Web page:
The most famous of his battles took place on Ganryu Island. Having been challenged by Sasaki Kojiro, a swordsman of great reputation, Musashi spent the night in town and overslept. When a messenger was sent to remind him, he leisurely took a slow boat to the island. He wrapped a dishtowel around his head, and on the way amused himself by carving a crude bokken out of a spare oar.
Sasaki was beside himself for this insult, and was no doubt fuming by the time Musashi arrived. To show his resolve to fight to the death, he drew his sword and threw his scabbard into the surf. Mushashi said, "You won't need that anymore!"
Sasaki and Musashi met. Musashi cracked his skull with his carved oar; Sasaki died later. Mushasi's dishcloth was cut- that is how close he timed his strike. In retrospect, we can believe that Musashi wasn't kidding about his 60 duels.
Another story involves Musashi and the famed zen monk Takuan. As they were meditating in a remote mountain setting, a viper crawled into their midst. It payed no attention to Takuan, but recoiled in horror at Musashi and fled. Musashi found this disturbing, as he had developed his aura to the point where he was so fearsome that all were afraid of him. He lamented over this, and was encouraged by Takuan to continue to develop his aura to be like his, where, being in tune with nature and thereby no threat, the viper would ignore him as being part of the natural order of things.
Wether these stories are all true or not- the battle was documented, but Musashi is the stuff of legend- the are certainly inspiring. What Mushashi left for us is the Book Of five Rings- Gorin no Sho, and Dokkodo, a manifesto of his personal martial philosophy.
Dokkodo is as follows:
1. Do not stubbornly rebel against the ways of the world.
2. Do not seek pleasure for it's own sake.
3. Do not rely on any half-hearted feelings.
4. Think deeply of the world and lightly of yourself.
5. Remain detached from desire.
6. Do not regret what you have done.
7. Never be jealous of others.
8. Never let yourself be saddened by a separation.
8. Never let yourself be saddened by a separation.
9. Abandon resentment and complaint.
10. Do not let yourself be guided by feelings of love or lust.
11. In all things have no preference.
12. Accept your dwelling and living conditions.
13. Do not pursue the taste of good food.
14. Do not hoard treasures or hold on to things you do not need.
15. Do not mindlessly follow the ways of the world.
16. Do not become obsessed with weapons or fighting.
17. Do not fear death.
18. Do not accumulate goods and riches for your old age.
19. Respect the Gods without relying on their help.
20. You can abandon your body, but never let go of your honor.
21. Never depart from the Way.
All in all, a formidable list. Who can follow all these precepts? And, how much validity do they have for us today? As this is a Warrior blog, I have decided to look at Musashi's code and see how it can apply for me, today- or not. I have used several translations, as it is sometimes difficult to get the correct nuance for the modern reader. In particular, some knowledge of feudal Japan is helpful in understanding what he meant.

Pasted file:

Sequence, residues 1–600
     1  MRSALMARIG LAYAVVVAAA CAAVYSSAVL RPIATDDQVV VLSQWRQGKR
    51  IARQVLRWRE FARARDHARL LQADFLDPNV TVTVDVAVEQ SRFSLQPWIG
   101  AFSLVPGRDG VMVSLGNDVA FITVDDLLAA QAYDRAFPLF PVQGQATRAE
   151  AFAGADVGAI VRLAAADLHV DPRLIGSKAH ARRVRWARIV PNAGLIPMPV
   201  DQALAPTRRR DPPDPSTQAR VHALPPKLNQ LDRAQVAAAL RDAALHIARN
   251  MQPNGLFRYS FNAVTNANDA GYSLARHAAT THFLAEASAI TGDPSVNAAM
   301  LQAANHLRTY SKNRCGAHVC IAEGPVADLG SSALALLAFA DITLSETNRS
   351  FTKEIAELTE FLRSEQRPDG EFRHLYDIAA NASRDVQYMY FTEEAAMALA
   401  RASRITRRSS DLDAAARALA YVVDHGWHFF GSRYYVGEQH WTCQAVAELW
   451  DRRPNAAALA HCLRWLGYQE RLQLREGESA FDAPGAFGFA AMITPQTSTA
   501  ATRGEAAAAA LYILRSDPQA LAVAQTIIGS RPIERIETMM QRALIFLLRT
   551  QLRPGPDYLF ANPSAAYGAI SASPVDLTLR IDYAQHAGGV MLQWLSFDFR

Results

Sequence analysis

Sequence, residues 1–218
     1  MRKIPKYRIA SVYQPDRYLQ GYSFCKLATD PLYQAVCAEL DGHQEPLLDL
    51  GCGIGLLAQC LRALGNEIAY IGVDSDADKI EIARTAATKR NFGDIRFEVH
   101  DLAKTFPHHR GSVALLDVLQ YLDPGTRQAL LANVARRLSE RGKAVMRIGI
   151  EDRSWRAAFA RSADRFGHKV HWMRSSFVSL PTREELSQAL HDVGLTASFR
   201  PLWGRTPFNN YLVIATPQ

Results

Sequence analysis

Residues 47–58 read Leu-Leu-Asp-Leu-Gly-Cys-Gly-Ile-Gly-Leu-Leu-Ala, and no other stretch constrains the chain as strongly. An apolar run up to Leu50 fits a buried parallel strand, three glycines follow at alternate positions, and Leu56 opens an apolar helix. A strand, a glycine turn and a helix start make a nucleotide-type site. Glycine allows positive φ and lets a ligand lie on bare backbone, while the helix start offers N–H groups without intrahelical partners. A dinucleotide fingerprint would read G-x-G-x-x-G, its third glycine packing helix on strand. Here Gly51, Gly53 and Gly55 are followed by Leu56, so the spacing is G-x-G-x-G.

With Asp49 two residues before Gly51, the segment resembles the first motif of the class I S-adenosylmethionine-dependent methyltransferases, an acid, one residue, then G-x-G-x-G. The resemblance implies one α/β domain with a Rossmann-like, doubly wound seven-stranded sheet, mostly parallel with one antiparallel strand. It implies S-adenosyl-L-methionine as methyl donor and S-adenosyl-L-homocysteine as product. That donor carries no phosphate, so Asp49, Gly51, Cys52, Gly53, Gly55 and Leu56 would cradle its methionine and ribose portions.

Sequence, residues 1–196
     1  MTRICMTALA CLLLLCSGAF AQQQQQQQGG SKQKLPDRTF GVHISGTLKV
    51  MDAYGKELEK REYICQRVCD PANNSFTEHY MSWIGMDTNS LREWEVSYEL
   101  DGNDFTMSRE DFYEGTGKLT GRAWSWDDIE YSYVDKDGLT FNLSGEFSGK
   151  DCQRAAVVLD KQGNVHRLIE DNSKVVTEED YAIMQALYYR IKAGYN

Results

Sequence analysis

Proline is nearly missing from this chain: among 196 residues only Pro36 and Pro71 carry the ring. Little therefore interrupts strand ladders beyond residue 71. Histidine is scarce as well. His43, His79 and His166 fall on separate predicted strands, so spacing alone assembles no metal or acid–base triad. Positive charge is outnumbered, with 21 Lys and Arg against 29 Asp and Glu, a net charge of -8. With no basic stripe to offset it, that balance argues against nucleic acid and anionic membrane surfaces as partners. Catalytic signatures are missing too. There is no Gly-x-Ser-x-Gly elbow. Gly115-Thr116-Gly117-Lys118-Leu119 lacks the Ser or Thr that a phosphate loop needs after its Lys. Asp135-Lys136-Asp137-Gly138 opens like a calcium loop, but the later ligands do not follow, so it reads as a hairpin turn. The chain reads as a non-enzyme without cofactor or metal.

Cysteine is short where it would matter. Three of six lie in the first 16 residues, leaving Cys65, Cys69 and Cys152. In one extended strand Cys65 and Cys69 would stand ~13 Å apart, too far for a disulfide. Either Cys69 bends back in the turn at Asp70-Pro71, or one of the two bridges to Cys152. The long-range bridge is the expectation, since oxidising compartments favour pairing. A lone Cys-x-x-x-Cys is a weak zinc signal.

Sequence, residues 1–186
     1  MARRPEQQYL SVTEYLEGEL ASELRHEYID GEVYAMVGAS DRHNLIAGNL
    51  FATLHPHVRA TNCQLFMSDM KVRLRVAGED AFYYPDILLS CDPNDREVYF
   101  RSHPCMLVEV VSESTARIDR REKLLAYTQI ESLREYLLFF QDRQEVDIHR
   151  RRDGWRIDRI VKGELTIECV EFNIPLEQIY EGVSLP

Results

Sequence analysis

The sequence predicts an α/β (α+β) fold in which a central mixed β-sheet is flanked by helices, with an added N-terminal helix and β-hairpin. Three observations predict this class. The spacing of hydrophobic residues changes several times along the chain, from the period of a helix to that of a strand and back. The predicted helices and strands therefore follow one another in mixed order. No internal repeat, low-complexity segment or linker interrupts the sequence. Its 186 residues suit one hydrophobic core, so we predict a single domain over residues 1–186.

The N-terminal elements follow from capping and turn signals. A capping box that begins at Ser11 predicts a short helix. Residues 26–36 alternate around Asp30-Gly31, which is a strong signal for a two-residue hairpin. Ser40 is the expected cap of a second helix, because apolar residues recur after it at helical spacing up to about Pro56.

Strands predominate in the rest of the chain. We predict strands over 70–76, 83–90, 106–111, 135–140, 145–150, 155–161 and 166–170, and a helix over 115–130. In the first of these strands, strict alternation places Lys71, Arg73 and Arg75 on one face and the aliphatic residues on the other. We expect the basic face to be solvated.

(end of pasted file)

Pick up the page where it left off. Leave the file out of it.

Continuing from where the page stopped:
In this first installment, let us look at #1: Do not stubbornly rebel against the ways of the world. Another translation I found said: Accept things the way they are. But, why? do we not want to make the world a better place? Hasn't most progress been made by those that have decided to buck the established order of things and experiment, often going against the grain? Well, yes. but we must understand Musashi was not interested in building a better light bulb. In the context of east versus west, we must look at ideas of improvement. If a bow won't pierce enemy armor, build a better bow. In the east, they would build a better bowman. So it does Musashi no good to develop anything that does not flow with the established order of things, and would take a great deal of energy and still not accomplish much.
Saul Alinsky wrote a book back in 1971 called Rules For Radicals. He did not advocate marching, slogans, or any other dramatic approach. He called for change from within. That is, join the system to change it. You disagree with government, you get involved. The Clintons were advocates of this approach, and credited the book with the initial desire to enter politics.
So, for Musashi's code, do not waste time trying to fight something bigger than you. And, as we discovered in Iraq, what happens when you have no real solution after a dramatic change? Would it be just as bad, or worse? Would not that be the Ruling Ring approach? (For all you that are not Lord Of The Rings fans: the Ring was powerful but evil, so even if you used it for good, it would change you to evil- just another problem.)
So- accept things for what they are, but look for ways to make things better. You can best do this by working on what I call my Zone. The idea first came to me while playing wargames. When you move a piece, the spaces around you have a zone of control- that is, if an enemy unit moved into that space, your weapons, depending on range, can strike him. Your zone reaches as far as your longest ranged weapon. My theory was that, since I cannot change the world overtly, I must change my zone, the area I affect. This means I will create a zone of peace, compassion and encouragement at home, in the workplace, and when I drive and go into the community. I can do some good here. If it spreads, the world will become a better place. Therefore, I do not rebel against the ways of the world. It was here first, it will run according to it's flow. But, I can redirect that flow just a little. You are personally responsible for what you create in your zone.